I suppose there may be quite a few foreign occupiers' graveyards around places like Keelung, Danshui and Tainan, but I wonder how many are still marked as such, and how many have long since been forgotten. I've seen photos of the foreign graveyrad in old Danshui, but haven't found it myself yet. Surely there must also have been Japanese-only cemeteries up until the end of WW2? What became of them? Don't recall ever hearing about them.

Have you seen the big monument in Penghu commemorating the French sailors who died there? It looks pretty modern. I saw the monument, but didn't see a marked graveyard.

Jeff Miller ... (米傑富) said...


Agree that there must be many foreign bones around Taiwan, but, with the exception of those few foreigner cemeteries still maintained, information on gravesites may be almost impossible to find. There must be Japanese graveyards in many places around Taiwan, but I've never heard of nor seen them. Interesting question. Anyone have insights?

Burial is such a family oriented affair in Chinese/Taiwanese culture that, perhaps, once there is no longer an immediate family around to "sweep" (maintain) a grave, it is forgotten, then overtaken by the elements. On hikes, I've come across old (early-19th century) Taiwanese graves that have clearly been not tended for awhile. Could be because the family no longer attended to it or the bones were removed elsewhere.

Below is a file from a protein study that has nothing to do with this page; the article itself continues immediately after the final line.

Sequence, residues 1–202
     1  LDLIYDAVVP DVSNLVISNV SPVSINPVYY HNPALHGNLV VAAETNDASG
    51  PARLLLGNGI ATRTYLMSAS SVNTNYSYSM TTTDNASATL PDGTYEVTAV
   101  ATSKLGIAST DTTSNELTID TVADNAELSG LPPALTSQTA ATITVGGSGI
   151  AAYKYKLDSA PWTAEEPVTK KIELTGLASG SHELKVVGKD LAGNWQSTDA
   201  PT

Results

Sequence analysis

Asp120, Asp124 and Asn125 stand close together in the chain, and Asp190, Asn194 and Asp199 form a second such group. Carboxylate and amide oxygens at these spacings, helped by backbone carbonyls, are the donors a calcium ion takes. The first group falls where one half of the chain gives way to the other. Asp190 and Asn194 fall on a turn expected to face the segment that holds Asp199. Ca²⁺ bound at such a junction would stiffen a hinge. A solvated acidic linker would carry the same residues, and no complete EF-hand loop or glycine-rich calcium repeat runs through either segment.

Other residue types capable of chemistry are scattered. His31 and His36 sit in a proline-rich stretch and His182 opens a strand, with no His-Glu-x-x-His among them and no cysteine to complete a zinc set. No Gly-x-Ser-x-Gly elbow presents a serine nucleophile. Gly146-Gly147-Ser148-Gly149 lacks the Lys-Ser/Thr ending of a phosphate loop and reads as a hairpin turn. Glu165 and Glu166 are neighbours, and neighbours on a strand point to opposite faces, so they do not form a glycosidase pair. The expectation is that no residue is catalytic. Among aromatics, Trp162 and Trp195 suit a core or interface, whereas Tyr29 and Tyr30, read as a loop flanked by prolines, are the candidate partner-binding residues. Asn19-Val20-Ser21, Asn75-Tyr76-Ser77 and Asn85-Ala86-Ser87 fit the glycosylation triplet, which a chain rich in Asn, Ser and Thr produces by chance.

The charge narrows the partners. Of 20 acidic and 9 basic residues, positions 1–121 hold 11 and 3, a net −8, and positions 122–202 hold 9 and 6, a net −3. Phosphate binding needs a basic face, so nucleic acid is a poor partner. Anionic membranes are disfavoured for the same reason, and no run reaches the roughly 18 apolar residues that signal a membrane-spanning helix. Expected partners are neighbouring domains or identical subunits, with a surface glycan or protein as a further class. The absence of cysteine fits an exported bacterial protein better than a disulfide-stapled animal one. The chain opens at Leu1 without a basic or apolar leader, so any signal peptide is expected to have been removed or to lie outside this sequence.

The French cemetary in Keelung is actually a more recent relocation of bones from various gravesites in both Keelung and the Penghus. The actual Sino-French War cemetary established by the French was (I think) further down the harbor aways.

小周 said...

I wrote an article,西仔反 清法戰爭與臺灣特展雜記, in 2004 and had co-led some hikers to cruise the old battlefields in the mountains of Keelung by using French 1885 maps, as described in 清法戰爭基隆砲台與戰場遺跡(一) 法蘭西軍之逆襲 and 清法戰爭基隆砲台與戰場遺跡(二) 清軍大反攻. We found Fort Du Sud, which has never been found in academic study. very interesting!

小周 said...

You can call me Yourdon. Let me introduce a website by my friend Kenny, who live in Keelung as you and have climbed more than 1000 summits in northern Taiwan.

Kaminoge said...

Great post. I believe Keelung was also the site of conflict when the Japanese arrived in 1895 to take over Taiwan following the Treaty of Shimonoseki. Do you know of any places in the Keelung area related to that?

Jeff Miller ... (米傑富) said...


The Japanese parked a few warships off the Keelung coast while the main force landed at Gongliao (just north of Fulong) and followed two tracks north before converging on the city. There is one interesting monument that I know of in Ruifang (瑞芳) raised by the Japanese to celebrate victory in their first major engagement against the Taiwanese resistance. Don't know the scale of the battle. The monument is inscribed in Japanese and surprisingly intact (in light of much of the scoring done to such monuments post-1949).

There is also a monument in Keelung City, not far from the French Cemetary, raised to commemorate the commander of the Japanese occupation forces. Unfortunately, all characters have been scored off. There is (or at least was a few years ago) the name of that general inscribed in large characters on a hill just above this monument (partially obscured by vegetation, so not easy to make out).